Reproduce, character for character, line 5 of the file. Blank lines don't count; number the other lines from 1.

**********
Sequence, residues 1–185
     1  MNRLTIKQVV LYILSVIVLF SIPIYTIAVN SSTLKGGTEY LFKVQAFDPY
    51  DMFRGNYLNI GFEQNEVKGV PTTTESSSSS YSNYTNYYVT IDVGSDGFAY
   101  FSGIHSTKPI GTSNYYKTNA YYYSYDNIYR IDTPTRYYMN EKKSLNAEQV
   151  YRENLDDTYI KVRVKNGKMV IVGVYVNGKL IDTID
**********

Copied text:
   151  YRENLDDTYI KVRVKNGKMV IVGVYVNGKL IDTID